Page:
Since the 19th century, various items of clothing have become staples in a person’s wardrobe, and at times, are even worn as status symbols of wealth, luxury, and success. There’s the crisp white shirt, the little black dress for women, and a well-tailored suit for men. When it comes to outerwear, however, no garment comes close to the trench coat – a sleek outer garment with wide lapels and a shapely silhouette. More than just a mere overcoat, its history and heritage spans most of the 20th century and is synonymous with one of the most revered labels in the fashion industry today: Burberry. Burberry has since defined modern British elegance and is considered to be one of the founders of luxury sportswear, a lucrative market in today’s fashion industry. And it all started with one man.
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The Man Who Started Burberry
Born on the 27th of August, 1835, Thomas Burberry established the now-beloved British label in 1856, when he was just 21 years old. He previously worked as an apprentice draper under a local tailor, focusing on outdoor sportswear and gaining a loyal list of wealthy clients who would buy his clothes for leisure activities like hunting and fishing. Upon its founding, the brand quickly developed into a well-known shop, eventually employing over 80 people (which at that time was already quite large).
While the brand saw commendable success, it gained even more popularity when Burberry invented gabardine twenty years later in 1879. The innovative fabric was created especially for rainwear, as a lighter and more comfortable alternative to rubber, which was one of the few, if not the only waterproof material at that time. Up until that point, garments worn for rainy weather were usually heavy and uncomfortable, mostly worn just out of necessity and not fashion.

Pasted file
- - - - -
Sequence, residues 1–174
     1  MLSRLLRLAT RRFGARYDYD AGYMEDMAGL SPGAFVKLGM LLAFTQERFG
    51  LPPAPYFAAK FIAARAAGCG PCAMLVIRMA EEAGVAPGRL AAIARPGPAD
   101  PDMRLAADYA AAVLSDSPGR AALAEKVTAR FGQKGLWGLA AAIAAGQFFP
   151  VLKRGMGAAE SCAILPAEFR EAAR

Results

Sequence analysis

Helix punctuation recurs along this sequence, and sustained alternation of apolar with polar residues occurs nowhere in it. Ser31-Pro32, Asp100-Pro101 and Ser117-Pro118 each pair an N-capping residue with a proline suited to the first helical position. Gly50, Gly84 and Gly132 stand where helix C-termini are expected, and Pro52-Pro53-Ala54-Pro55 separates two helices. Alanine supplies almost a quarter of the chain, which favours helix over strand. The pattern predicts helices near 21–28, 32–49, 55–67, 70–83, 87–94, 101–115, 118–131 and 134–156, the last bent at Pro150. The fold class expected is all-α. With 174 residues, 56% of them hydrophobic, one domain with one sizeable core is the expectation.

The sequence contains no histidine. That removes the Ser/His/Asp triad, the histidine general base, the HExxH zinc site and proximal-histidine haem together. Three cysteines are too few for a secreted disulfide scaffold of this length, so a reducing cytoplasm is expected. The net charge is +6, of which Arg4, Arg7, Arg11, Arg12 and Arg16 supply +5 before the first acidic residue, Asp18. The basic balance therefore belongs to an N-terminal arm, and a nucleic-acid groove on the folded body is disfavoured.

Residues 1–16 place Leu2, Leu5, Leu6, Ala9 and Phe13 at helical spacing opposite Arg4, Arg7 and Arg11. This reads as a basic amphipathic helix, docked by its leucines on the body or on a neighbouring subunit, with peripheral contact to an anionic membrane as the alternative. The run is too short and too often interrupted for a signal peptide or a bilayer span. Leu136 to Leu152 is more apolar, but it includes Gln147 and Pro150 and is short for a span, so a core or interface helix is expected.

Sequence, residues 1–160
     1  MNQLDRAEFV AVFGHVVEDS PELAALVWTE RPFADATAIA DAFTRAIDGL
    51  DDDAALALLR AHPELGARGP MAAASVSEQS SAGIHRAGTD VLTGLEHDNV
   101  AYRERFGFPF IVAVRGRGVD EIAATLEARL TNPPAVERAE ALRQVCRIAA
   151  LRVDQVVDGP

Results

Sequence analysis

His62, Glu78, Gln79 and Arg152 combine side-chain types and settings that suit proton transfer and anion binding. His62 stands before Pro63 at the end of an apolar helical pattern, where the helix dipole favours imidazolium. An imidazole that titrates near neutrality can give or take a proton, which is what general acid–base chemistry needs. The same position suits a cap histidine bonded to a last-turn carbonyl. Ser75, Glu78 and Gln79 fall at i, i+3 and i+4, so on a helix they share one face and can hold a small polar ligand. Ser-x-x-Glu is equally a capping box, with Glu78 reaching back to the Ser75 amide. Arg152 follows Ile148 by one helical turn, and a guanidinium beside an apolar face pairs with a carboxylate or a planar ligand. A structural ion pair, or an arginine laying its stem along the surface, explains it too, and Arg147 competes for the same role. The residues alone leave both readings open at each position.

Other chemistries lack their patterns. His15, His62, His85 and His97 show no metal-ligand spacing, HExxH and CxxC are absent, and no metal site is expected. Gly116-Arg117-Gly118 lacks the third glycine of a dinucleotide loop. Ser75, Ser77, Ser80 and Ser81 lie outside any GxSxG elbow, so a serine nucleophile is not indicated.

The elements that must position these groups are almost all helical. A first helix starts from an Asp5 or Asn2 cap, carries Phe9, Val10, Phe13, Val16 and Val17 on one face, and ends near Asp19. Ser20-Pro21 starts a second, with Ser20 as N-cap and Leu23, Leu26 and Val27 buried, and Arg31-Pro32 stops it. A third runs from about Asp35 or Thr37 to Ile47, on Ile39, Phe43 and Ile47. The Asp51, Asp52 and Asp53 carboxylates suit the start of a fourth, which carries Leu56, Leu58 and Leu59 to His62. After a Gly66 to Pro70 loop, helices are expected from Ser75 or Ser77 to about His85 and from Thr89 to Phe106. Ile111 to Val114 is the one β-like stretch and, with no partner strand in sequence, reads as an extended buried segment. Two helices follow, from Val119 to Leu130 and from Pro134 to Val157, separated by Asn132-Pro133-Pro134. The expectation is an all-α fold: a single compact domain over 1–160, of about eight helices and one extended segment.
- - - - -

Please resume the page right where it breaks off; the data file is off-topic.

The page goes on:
Because of the success of gabardine, Burberry was able to open a shop in London’s Haymarket street in 1891. Back then, the brand used to be referred to as “Burberrys” as the ‘s’ hadn’t been taken out at that point. Not long after, the Minister of Defense commissioned Thomas Burberry to create new uniforms for the British Army, leading to the creation of the Tielocken. Using gabardine, the Tielocken was a water-resistant coat that was easy to wear and is regarded as the first version of the trench coat. It was one of the first garments to be worn unbuttoned and fastened primarily by a belt at the waist.
Burberry and World War 1
Burberry’s uniforms soon came in handy as the world was plunged into the First World War. Eventually, the government sought Burberry’s help again as the war progressed, asking for a new version of the Tielocken. Thus, the modern trench coat was born. It was comparatively sleeker than the Tielocken and was equipped with belt rings the soldiers can hang weapons and maps on, as well as straps on the shoulders to secure binoculars and gas masks in place. These garments were usually worn in the base’s trenches, hence, its eventual name.